On November 18, 1991, the motion to dismiss was granted without hearing, by margin order: "[The defendants'] motion to dismiss is allowed. According to the terms of contract[,] suit must be filed in State Court in Washington." We review the district court dismissal order de novo. See Edwards v. John Hancock Mut. Life Ins. Co., 973 F.2d 1027, 1028 (1st Cir.1992); see also Instrumentation Assocs., Inc. v. Madsen Electronics (Canada) Ltd., 859 F.2d 4, 5 (3d Cir.1988) (de novo review of forum selection clause dismissal under Rule 12(b)(6)); compare, e.g., Pelleport Investors, Inc. v. Budco Quality Theatres, 741 F.2d 273, 280 n. 4 (9th Cir.1984)

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("abuse of discretion" review of forum selection clause dismissal under Rule 12(b)(3)).



The order form filled out by Joan Kysar, and amended by Lambert in July 1989, provided, inter alia, that "[i]n the event any action is brought to enforce [the] terms and conditions [of the order documents], venue shall lie exclusively in Clark County, Washington." The Kysars assert, and the district court impliedly found, that the order form expressed the terms and conditions of the agreement between the parties and that Lambert is bound by the choice of forum made in the order form. Lambert vigorously disagrees. According to Lambert, the changes he made to the quantity term on the Kysars' order form amounted to a material alteration (and therefore a rejection) of the Kysar offer, paving the way for a counteroffer in the form of Lambert's August 21 letter. Since the August 21 letter contained neither a forum selection clause nor an express choice-of-law provision, Lambert asserts that venue and choice-of-law rules are to be determined under general common-law and statutory principles. In particular, Lambert asserts, the Massachusetts venue remains proper under the general rules applicable to removed cases in federal courts, i.e., 28 U.S.C. § 1441. 2

We agree with the first part of Lambert's argument. The changes Lambert made to the quantity term amounted to a rejection under Article 2 of the Uniform Commercial Code, and the Kysars' performance of the new contract amounted to an acceptance of the new terms proposed by Lambert. We disagree with the second part of Lambert's argument, however. Lambert's counteroffer was made in July, when he amended the order form containing the Kysars' original offer, not in Lambert's August 21 letter. Accordingly, the counteroffer incorporated the unamended terms and conditions contained in the original offer, including its venue and choice-of-law clauses. Since the venue clause--impliedly mandating a Washington forum--is enforceable under both state and federal common law, the district court properly dismissed the action.

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  1. The Contract

    The parties disagree on whether a Massachusetts court would apply Massachusetts or Washington law to the formation of their contract. See Klaxon v. Stentor Elec. Mfg. Co., 313 U.S. 487, 61 S.Ct. 1020, 85 L.Ed. 1477 (1941) (federal court sitting in diversity must apply forum state's choice-of-law rules). We need not resolve the issue, however, as the outcome is the same under the substantive law of either jurisdiction. See Cohen v. McDonnell Douglas Corp., 389 Mass. 327, 332, 450 N.E.2d 581, 584 (1983) ("the usual first step in applying conflict of laws principles is to determine whether there is a conflict among the laws of the various states involved").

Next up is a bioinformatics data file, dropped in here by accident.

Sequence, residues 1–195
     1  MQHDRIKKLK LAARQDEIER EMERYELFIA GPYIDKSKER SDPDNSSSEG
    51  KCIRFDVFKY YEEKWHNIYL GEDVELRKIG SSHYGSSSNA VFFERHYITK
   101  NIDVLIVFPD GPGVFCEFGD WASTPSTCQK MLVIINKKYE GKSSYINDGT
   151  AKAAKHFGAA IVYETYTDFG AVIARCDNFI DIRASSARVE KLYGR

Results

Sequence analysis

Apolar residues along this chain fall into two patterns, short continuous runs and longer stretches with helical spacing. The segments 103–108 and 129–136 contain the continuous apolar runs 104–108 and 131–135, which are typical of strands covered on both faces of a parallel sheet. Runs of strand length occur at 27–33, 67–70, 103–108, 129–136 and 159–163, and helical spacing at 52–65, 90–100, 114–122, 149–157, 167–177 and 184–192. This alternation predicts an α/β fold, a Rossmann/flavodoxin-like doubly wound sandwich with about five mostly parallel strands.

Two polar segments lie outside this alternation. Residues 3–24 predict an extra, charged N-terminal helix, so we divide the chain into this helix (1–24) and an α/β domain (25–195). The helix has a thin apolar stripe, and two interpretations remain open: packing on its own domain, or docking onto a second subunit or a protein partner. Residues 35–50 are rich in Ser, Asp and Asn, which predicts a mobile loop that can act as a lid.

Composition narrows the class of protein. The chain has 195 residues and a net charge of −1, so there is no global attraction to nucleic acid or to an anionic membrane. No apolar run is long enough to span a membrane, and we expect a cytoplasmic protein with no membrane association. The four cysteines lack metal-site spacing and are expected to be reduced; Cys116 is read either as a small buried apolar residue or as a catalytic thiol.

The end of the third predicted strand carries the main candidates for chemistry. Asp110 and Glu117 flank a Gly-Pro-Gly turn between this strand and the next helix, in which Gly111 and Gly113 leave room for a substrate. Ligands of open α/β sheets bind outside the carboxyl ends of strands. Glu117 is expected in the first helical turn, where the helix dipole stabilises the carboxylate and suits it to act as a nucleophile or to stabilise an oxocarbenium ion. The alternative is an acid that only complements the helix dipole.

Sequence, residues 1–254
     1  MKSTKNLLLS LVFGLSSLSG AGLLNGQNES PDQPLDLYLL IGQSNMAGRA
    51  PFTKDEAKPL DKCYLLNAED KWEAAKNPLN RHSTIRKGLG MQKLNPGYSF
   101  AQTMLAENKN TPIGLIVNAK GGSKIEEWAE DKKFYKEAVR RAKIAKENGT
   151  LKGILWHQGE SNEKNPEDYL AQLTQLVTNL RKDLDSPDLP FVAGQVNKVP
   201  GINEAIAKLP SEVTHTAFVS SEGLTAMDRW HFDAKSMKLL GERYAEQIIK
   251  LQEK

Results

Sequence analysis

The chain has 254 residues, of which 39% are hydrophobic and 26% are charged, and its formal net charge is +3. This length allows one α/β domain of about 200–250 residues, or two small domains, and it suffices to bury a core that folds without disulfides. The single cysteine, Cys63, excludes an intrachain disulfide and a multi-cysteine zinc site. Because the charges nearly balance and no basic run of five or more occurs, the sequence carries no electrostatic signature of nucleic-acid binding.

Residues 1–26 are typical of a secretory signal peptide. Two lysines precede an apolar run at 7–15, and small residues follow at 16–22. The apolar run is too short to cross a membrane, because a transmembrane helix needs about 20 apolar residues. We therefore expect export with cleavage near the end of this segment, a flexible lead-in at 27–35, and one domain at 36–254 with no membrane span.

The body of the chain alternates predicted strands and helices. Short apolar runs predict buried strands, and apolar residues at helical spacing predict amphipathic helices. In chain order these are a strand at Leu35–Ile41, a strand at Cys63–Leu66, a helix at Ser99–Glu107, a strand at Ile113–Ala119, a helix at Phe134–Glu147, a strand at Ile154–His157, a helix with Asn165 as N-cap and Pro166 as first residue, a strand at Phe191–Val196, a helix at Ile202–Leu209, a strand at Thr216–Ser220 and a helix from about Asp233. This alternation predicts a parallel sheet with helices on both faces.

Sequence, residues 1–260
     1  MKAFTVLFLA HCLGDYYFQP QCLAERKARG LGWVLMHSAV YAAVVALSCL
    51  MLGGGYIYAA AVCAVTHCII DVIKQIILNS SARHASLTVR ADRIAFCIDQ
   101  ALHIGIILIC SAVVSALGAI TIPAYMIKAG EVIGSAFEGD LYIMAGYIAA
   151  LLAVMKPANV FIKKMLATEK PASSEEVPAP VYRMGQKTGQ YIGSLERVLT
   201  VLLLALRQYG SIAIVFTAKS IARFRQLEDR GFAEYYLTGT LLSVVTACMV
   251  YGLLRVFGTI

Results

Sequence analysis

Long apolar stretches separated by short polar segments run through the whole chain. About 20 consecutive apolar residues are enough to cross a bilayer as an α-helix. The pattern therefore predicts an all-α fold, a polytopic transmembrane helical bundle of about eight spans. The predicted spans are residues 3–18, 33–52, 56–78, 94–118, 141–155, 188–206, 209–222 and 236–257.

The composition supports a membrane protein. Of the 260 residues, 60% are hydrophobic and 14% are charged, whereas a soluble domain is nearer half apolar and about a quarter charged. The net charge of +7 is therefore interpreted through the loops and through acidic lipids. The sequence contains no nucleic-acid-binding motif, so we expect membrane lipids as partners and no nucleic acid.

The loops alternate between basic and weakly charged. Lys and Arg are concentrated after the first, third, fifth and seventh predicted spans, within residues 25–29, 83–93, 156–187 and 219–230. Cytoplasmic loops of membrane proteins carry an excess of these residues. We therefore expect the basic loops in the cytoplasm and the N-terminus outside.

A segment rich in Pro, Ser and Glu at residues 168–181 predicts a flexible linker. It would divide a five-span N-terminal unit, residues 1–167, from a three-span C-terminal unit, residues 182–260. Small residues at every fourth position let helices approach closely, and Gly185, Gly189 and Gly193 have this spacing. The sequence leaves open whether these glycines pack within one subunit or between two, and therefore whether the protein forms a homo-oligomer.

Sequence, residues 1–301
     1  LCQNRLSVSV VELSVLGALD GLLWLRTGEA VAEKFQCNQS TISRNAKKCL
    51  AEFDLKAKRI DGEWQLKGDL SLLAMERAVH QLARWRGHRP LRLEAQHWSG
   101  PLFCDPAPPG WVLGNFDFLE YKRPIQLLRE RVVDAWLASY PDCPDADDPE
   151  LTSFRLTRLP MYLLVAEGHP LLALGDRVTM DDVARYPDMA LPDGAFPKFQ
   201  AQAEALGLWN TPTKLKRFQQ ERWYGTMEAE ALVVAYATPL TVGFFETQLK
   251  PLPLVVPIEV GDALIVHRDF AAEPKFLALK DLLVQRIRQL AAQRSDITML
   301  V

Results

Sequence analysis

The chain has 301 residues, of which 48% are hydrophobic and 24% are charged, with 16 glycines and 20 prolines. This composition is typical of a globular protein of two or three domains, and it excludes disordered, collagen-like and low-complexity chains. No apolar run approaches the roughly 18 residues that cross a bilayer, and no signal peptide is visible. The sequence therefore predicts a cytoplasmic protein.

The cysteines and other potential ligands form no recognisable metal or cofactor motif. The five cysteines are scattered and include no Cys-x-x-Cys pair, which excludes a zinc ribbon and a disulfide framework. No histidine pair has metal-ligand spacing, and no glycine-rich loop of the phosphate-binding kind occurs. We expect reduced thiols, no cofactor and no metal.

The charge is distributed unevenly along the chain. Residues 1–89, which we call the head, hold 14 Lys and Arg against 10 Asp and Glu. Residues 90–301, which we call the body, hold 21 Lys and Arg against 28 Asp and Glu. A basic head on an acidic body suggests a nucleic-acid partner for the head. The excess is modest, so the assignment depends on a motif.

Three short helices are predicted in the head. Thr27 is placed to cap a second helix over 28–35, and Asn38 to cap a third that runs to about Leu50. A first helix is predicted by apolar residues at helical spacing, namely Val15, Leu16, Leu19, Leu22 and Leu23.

Christmas trees are "goods" within the meaning of Uniform Commercial Code, Article II, as adopted in both Massachusetts and Washington. 3 Moreover, the common law of both jurisdictions, which remains in force under the U.C.C. except as displaced, see U.C.C. 1-103, Mass.Gen.L. ch. 106 § 1-103, Wash.Rev.Code 62A.2-103, supports the validity and enforceability of the subject contract, including its forum selection clause.

    Under the law of both Massachusetts and Washington, the order form (signed and forwarded to Lambert in July 1989) comprised an offer to contract in accordance with its terms. 4 It set forth in detail all the material terms essential to the proposed transaction, including the price, quantity and quality of the goods. It provided a space for Lambert's signature, to indicate that he had "read and accept[ed] the Terms of Sale on the reverse side of th[e] document." It included the signature of Joan Kysar, an officer of Lewis River Tree Farm, indicating assent to be bound. See Restatement (Second) of Contracts § 24 (offer is "manifestation of willingness to enter into a bargain, so made as to justify another person in understanding that his assent to that bargain is invited and will conclude it"); Gilbert & Bennett Mfg. Co. v. Westinghouse Elec. Corp., 445 F.Supp. 537, 544 (D.Mass.1977) ("an offer is made when the offeror leads the offeree to reasonably believe that an offer has been made"). Although the back of the form included a provision for "approval" by the Lewis River Tree Farm's "main office", Joan Kysar's status as an officer of the company and her signature on the front of the form reasonably denoted such approval. Compare Kuzmeskus v. Pickup Motor Co., 330 Mass. 490, 493, 115 N.E.2d 461, 464 (1953) (contract proffered by company's general manager, which contained clause requiring authorization by seller's corporate officer, and blank space for officer's...